The Lost Codex – Book Review

The action in Alan Jacobson’s “The Lost Codex” starts in 930 A.D., as the first officially-sanctioned Bible is compiled. Fast-forward a millennium to 1953, and half the manuscript is stolen while in transit from the Middle East. Almost simultaneously, another ancient Scroll is discovered near the Dead Sea and is promptly stolen also.

In the modern world, the two mysterious manuscripts are at the center of a tug-of-war for political control and religious extremism that threatens millions of lives in the West.

FBI profiler Karen Vail makes her third appearance in this novel, but fans of the character will be disappointed that her presence is relatively smaller than that in the previous books. That’s because ‘The Lost Codex’ isn’t about hunting serial killers, but religious extremists (in a way still serial killers, though).

The real action starts when Karen shoots a man who killed an FBI agent, causing him to explode. This leads to the uncovering of a massive plot to attack several Western cities by Islamic extremists, and the OpSIG (Operations Support Intelligence Group) team is called up. It comprises of Vail, Special Forces veteran Hector DeSantos and ex-Mossad terrorism expert, Aaron ‘Uzi’ Uziel. Former Palestinian Mohammad ‘Mo’ El-Fahad of the CIA is thrown into the team, forcing the Israeli and Palestinian to work together.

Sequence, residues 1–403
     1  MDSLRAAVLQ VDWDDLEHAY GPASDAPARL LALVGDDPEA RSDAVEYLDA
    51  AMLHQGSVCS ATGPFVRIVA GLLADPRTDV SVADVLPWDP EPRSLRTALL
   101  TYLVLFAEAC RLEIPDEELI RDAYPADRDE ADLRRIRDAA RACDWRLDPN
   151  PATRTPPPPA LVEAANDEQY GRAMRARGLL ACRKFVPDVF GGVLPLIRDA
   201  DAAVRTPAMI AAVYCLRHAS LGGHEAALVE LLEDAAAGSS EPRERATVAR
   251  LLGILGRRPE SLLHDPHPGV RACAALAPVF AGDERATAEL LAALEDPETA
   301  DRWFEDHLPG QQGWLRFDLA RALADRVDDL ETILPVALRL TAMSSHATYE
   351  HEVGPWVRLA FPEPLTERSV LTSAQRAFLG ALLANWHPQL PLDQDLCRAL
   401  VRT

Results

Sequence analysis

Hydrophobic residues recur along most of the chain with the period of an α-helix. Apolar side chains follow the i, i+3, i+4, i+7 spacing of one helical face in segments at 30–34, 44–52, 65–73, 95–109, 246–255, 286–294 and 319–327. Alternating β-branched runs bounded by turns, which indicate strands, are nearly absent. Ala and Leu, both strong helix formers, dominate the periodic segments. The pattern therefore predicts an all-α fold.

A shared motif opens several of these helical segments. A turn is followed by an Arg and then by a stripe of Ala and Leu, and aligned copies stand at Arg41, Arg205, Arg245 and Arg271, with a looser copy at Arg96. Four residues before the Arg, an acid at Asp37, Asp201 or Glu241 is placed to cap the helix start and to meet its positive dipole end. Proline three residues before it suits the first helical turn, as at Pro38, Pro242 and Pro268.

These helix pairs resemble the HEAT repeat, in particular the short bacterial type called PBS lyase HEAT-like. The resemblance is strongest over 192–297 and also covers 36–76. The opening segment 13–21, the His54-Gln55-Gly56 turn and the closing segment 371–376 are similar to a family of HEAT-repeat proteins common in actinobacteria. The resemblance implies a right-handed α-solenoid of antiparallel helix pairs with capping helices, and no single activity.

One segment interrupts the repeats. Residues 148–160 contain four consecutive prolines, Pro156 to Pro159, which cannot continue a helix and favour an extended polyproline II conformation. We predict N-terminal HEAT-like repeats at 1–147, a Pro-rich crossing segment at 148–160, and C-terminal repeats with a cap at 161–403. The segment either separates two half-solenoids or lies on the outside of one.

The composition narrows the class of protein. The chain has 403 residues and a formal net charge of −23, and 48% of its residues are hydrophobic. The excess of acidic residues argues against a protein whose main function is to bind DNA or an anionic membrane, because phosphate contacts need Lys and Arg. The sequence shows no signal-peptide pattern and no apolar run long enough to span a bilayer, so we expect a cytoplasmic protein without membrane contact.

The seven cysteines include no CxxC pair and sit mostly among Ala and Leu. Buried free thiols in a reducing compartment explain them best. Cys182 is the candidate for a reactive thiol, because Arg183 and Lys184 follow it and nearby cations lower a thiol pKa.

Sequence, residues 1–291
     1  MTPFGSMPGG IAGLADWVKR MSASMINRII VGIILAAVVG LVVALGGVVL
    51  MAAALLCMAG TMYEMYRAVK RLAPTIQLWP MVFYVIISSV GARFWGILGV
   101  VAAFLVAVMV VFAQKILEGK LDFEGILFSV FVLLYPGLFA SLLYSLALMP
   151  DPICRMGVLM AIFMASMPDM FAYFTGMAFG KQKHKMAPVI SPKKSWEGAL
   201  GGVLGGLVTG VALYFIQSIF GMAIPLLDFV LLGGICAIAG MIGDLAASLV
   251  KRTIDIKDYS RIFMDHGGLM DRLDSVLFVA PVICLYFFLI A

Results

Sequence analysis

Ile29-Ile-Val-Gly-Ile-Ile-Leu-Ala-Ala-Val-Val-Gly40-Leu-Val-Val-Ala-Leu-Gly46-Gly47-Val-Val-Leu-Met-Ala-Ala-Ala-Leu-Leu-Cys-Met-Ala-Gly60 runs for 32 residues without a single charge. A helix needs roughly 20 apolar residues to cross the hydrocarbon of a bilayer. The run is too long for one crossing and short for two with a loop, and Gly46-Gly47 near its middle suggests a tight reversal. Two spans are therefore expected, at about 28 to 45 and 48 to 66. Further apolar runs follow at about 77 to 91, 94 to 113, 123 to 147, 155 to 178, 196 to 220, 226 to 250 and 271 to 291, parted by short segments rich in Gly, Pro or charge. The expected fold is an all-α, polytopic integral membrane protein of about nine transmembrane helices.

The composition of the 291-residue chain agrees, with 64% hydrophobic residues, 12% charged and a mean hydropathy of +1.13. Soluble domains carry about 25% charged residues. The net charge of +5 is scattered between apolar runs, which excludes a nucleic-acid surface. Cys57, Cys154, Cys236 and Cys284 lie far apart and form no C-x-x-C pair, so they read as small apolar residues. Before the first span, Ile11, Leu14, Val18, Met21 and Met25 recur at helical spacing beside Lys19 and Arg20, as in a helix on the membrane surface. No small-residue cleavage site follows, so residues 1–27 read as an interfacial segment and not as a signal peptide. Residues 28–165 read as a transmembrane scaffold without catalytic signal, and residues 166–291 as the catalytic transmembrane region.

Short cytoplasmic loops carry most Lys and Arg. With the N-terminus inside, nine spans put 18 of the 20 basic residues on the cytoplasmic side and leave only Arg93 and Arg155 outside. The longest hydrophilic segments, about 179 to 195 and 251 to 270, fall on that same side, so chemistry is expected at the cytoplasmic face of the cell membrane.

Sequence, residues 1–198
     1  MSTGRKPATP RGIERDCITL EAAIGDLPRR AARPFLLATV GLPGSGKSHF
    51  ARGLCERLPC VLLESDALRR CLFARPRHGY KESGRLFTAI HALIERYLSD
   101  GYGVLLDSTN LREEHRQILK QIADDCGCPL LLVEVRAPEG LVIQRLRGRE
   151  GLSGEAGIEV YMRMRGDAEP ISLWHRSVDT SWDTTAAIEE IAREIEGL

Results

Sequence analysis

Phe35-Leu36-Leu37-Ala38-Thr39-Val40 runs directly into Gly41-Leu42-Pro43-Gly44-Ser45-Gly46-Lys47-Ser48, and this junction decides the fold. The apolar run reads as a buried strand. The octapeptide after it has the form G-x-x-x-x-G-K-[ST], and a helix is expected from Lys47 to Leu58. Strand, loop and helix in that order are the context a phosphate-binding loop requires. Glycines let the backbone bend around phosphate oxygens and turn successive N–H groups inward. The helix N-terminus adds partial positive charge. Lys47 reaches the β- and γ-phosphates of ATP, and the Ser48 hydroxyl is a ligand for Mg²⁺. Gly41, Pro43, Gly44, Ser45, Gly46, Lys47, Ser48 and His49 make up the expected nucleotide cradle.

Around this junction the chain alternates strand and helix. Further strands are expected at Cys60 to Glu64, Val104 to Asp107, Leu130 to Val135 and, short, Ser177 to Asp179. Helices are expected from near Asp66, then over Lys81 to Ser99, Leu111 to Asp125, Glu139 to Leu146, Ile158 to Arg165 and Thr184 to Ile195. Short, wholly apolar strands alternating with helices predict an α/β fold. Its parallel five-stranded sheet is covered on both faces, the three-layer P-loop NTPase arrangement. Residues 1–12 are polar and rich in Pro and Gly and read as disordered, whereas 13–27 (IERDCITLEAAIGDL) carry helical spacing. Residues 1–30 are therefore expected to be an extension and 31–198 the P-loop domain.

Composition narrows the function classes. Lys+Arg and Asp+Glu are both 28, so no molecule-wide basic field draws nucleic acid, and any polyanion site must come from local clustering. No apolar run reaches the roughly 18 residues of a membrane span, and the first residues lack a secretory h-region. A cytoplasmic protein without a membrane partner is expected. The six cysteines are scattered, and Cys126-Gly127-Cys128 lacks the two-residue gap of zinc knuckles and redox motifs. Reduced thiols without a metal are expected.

The pace varies through the book as Jacobson weaves a tale interspersed with snippets of history and the geopolitical intricacies of the Middle East from which the terrorist plot was born. The bad guys don’t wear black hats, though, and the story explores the ‘an enemy of my enemy is my friend’ approach that has driven political and religious power since ancient times.

Jacobson does an excellent job of revealing bits of the puzzle at the right time, and throwing red herrings into the mix to keep you guessing. Coupled with an ending that will hit most readers out of the blue, this is a recommended read.

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